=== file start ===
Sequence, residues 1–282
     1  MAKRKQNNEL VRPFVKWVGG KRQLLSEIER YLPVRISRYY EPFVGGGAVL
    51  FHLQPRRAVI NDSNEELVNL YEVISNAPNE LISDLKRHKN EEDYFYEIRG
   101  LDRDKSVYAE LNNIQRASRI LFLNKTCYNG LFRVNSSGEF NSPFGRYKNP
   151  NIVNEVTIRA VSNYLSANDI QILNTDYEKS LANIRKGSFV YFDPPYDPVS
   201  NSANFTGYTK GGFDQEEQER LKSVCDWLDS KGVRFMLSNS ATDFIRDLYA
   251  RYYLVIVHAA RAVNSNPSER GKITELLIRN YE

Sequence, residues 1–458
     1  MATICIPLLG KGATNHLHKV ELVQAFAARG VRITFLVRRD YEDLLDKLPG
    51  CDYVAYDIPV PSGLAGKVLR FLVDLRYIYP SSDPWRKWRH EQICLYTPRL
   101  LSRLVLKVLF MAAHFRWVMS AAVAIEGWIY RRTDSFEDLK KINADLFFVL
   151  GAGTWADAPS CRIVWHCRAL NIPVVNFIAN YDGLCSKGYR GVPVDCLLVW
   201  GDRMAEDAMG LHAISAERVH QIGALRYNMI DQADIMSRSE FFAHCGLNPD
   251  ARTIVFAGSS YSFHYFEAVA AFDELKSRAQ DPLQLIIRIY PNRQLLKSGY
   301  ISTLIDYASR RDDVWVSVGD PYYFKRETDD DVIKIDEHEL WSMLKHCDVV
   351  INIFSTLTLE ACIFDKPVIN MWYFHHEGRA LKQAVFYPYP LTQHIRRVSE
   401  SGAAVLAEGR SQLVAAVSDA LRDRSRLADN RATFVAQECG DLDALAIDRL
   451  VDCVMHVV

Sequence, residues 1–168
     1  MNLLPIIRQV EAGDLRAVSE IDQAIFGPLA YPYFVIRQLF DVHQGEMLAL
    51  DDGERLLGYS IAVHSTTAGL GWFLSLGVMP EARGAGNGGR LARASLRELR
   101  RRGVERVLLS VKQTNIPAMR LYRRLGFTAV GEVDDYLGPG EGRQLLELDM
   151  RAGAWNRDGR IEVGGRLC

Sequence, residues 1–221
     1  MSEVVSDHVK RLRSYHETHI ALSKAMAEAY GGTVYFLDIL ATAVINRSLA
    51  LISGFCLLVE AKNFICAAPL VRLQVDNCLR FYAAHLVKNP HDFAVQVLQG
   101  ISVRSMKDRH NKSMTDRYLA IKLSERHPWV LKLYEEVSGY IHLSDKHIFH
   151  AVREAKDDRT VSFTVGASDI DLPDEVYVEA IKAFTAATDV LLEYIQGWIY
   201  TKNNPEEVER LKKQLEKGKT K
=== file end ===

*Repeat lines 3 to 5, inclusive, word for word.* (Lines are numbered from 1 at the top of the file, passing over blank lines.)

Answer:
    51  FHLQPRRAVI NDSNEELVNL YEVISNAPNE LISDLKRHKN EEDYFYEIRG
   101  LDRDKSVYAE LNNIQRASRI LFLNKTCYNG LFRVNSSGEF NSPFGRYKNP
   151  NIVNEVTIRA VSNYLSANDI QILNTDYEKS LANIRKGSFV YFDPPYDPVS